As we close out the year, many of us are going to make a lifestyle resolution: exercise more, eat healthier, learn something new. And if history is any guide, a lot of us won’t keep that resolution as we move through the year.
Lifestyle changes can be challenging, particularly when you spend money to achieve them, explains educational psychologist Elisa Robyn, PhD. “For example, people believe that they will go to the gym if they pay for a membership. In fact, the membership often makes people feel guilty and prevents them from following up on their goals.”
As you work to keep your resolution in 2020, maybe it’s time to financially reframe your goal. Here are a few tips to achieve some of the most popular New Year’s resolutions — without adding financial stress on top of them.
GOAL: EXERCISING MORE
The most popular resolution every single year is to get in shape. But don’t go signing up for the gym membership just yet. That’s because the best way to achieve a fitness-related goal is to make an internal change first and think about the person you want to become, rather than focus on the gym that catches your eye.
"Focus on what you desire in life, like wanting to stay active enough to play with your children," says Robyn. "What about that life would you enjoy?"
Next, work in habits that are both easy and affordable. Remember, you don’t have to spend a dime to get in shape.
"We only need a pair of shoes and we can walk. If we have a bike, we can ride. If we have a computer, we can pull up free exercise or dance videos and try various routines and programs," says Robyn.
See if you can stick to these free exercises and develop good habits before you lock yourself into a membership.
GOAL: EATING HEALTHIER
Start with one small shift at a time. There’s no need to ransack the pantry and go headlong into a strict diet that quickly becomes overwhelming — and potentially costly.
“If you want to eat healthier, it might be fun to take a free class at the local health food store," says Robyn. "Change your shopping habits — buy one new vegetable and try a free recipe online. This can be a slow change so that you can adapt to new flavors and cooking styles.”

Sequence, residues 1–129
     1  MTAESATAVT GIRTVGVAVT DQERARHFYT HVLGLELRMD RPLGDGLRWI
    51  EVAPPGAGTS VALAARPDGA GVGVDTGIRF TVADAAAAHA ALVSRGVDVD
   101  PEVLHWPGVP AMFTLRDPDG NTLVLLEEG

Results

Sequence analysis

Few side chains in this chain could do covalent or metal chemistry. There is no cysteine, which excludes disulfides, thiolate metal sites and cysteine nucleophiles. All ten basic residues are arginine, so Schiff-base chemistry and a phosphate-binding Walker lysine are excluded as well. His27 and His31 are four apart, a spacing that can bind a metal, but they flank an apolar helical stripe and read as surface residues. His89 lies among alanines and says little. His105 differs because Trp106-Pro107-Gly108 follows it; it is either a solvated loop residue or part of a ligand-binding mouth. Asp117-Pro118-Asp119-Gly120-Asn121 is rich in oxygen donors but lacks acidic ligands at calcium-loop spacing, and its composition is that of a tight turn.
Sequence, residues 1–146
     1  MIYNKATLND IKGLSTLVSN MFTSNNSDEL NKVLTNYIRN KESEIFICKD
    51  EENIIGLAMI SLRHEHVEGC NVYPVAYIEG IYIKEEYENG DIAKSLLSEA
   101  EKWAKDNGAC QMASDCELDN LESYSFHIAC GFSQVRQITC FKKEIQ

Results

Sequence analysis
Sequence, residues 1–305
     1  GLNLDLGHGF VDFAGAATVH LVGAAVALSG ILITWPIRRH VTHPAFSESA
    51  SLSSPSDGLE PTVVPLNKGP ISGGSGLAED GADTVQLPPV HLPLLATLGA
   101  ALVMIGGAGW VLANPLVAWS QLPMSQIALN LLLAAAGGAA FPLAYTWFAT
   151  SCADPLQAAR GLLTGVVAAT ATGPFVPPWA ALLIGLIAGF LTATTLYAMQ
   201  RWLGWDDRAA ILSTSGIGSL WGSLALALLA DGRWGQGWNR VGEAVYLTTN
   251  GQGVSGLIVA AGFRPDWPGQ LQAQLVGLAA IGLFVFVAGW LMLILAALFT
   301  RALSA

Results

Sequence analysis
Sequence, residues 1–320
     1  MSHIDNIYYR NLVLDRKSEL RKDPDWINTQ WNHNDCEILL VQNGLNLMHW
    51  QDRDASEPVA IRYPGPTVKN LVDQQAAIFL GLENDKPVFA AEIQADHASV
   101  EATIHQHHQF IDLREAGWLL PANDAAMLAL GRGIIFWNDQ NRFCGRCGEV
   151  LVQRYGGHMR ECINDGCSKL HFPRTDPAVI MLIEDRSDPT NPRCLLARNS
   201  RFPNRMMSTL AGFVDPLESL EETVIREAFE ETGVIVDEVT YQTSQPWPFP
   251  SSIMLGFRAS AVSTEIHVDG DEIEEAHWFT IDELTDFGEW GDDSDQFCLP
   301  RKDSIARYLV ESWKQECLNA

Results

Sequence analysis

Healthier foods like farmer's market meat or fresh, organic produce can be pricey. A savvy, starter diet simply cuts out the unhealthy foods.
“Reduce eating out from twice a week to once a week,” says Jessi Beyer, a personal development and mental health speaker. “Cut packaged desserts and snacks from your grocery list. Also put a hold on buying sodas, sugary drinks and alcohol so you can drink water instead.”
GOAL: LEARN A NEW SKILL
You don’t need to enroll in a college course to up your skill levels. Instead, dig into the plethora of free, online courses and other resources to whet your appetite. You’ll be able to gauge your interest levels in a given topic without feeling pressure from a financial commitment.
“The internet is full of advice on pretty much any skill you'd want to learn,” says Beyer. “There are handy apps for language learning, YouTube videos for more technical skills, and blogs for pretty much everything else.” She suggests vetting content by starting with reputable resources, such as workout videos from Livestrong or recipes from Real Simple. The biggest names in technology also offer a bunch of options to learn in-demand tech skills without those high tuition fees.
GOAL: ESTABLISH A SELF-CARE ROUTINE
One of the biggest misconceptions about self-care is that it's expensive. After all, when you think of self-care, you might picture a pricey spa day or a shopping spree. However, your self-care strategy could be one of the resolutions above — eating healthily, seeing friends or exercising. You can choose to frame it that way and prioritize it as such.
“Self-care can also be as simple as a visualization routine before bed or a yoga practice first thing in the morning at your home,” says Beyer.
These activities are not only free, they will also help you clear the clutter in your mind and help you better focus on who you want to be, helping you achieve any other goals you've set. Regardless of your goals, there’s no reason to let money stand between you and reflecting on a year of lifestyle resolutions conquered in December 2020.